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Victor Berger, who played a crucial role in Debs' early days as a Socialist, was the first Jewish Socialist elected to the U.S. Congress (in 1910). Mazel tov, Vic.
Thanks in part to his European background and education, Berger had read and studied Marx (in the original German, naturally). Berger was the person who introduced Debs to the Socialist ideology in 1895, while visiting Debs in prison.
As Debs lovingly recalled:
It was at this time, when the first glimmerings of socialism were beginning to penetrate, that Victor L. Berger—and I have loved him ever since—came to Woodstock [prison], as if a providential instrument, and delivered the first impassioned message of socialism I had ever heard—the very first to set the wires humming in my system. (Source)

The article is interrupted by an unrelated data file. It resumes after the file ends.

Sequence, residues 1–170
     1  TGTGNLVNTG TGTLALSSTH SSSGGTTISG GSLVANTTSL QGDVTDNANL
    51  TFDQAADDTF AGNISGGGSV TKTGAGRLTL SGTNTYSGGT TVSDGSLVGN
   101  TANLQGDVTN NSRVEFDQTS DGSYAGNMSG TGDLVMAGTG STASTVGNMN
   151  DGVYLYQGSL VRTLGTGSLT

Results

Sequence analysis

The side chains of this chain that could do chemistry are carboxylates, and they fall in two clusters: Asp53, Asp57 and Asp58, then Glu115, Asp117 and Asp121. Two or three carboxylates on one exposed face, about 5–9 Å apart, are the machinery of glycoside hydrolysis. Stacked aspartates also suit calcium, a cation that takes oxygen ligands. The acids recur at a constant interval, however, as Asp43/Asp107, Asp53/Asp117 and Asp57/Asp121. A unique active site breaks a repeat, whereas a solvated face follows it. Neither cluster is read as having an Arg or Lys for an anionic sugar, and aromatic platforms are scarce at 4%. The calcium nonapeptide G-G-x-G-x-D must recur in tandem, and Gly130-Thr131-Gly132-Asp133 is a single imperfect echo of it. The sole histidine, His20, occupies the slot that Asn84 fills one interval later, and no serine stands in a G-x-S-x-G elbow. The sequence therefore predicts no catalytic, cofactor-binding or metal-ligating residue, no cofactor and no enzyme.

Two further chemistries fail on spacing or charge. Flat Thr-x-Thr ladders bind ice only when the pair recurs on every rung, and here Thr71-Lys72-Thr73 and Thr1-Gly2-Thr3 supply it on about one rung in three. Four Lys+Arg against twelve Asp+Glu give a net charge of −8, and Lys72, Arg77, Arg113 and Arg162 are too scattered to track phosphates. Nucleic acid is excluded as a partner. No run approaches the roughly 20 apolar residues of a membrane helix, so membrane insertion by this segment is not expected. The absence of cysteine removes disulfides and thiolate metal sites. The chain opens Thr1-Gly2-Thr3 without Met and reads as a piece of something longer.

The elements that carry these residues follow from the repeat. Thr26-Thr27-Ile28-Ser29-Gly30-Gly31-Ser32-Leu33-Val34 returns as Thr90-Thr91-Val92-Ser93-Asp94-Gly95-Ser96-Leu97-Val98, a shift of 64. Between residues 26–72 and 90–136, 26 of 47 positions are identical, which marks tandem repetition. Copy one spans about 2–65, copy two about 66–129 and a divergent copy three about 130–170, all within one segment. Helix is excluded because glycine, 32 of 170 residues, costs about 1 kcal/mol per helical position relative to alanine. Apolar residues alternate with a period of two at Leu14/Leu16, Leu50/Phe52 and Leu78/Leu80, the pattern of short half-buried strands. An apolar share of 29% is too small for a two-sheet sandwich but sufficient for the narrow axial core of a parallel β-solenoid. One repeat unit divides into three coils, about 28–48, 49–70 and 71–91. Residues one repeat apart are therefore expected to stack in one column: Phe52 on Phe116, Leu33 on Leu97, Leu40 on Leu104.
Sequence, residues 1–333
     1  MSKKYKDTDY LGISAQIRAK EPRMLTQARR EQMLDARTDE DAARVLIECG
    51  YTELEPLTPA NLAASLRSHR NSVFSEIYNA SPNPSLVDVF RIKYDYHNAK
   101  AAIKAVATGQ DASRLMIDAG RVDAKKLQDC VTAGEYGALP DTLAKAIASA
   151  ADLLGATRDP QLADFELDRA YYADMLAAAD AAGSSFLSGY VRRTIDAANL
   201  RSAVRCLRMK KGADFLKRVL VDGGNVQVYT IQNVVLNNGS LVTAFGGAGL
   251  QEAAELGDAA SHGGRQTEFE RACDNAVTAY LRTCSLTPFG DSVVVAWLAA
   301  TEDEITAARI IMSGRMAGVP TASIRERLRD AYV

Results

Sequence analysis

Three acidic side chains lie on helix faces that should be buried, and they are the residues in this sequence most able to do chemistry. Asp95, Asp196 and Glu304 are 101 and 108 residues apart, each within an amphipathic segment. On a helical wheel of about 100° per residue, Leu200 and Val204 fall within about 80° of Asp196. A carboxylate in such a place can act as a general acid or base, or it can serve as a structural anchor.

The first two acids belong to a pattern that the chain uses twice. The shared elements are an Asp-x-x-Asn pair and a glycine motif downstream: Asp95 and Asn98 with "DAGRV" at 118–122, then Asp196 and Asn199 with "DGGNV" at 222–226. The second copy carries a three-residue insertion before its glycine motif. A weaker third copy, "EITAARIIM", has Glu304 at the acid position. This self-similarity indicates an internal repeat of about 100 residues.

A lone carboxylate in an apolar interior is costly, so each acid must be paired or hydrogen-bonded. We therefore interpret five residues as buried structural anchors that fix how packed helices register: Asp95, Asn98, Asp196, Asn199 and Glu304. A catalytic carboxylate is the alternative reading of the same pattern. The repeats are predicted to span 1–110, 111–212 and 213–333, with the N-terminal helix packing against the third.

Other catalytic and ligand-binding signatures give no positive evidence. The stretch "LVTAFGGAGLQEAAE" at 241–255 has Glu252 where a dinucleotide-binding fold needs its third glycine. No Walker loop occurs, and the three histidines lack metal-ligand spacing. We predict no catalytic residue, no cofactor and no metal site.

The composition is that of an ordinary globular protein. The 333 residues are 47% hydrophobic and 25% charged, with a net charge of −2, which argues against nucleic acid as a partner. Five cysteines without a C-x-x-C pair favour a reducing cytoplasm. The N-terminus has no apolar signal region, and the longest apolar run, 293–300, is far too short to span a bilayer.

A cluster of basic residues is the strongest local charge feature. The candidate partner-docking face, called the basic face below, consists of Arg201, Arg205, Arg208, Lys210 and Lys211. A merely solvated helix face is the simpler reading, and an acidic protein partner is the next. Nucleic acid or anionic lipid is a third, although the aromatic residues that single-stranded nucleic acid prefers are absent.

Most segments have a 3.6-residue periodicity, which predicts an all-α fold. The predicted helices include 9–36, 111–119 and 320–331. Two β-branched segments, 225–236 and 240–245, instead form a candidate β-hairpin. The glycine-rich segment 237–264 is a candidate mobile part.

Berger brought Debs a copy of Das Kapital—not exactly fun, light jailhouse reading, but a book that changed Debs' life.
Berger was Debs' co-founder of the American Socialist Party and was the party's most prominent political success story. Milwaukee was a city full of German immigrants, and they kept electing Berger to office…even after he was indicted under the Espionage Act and the U.S. Congress refused to seat him. Unlike Debs, Berger's conviction was overturned on a legal technicality, so Berger never went to jail.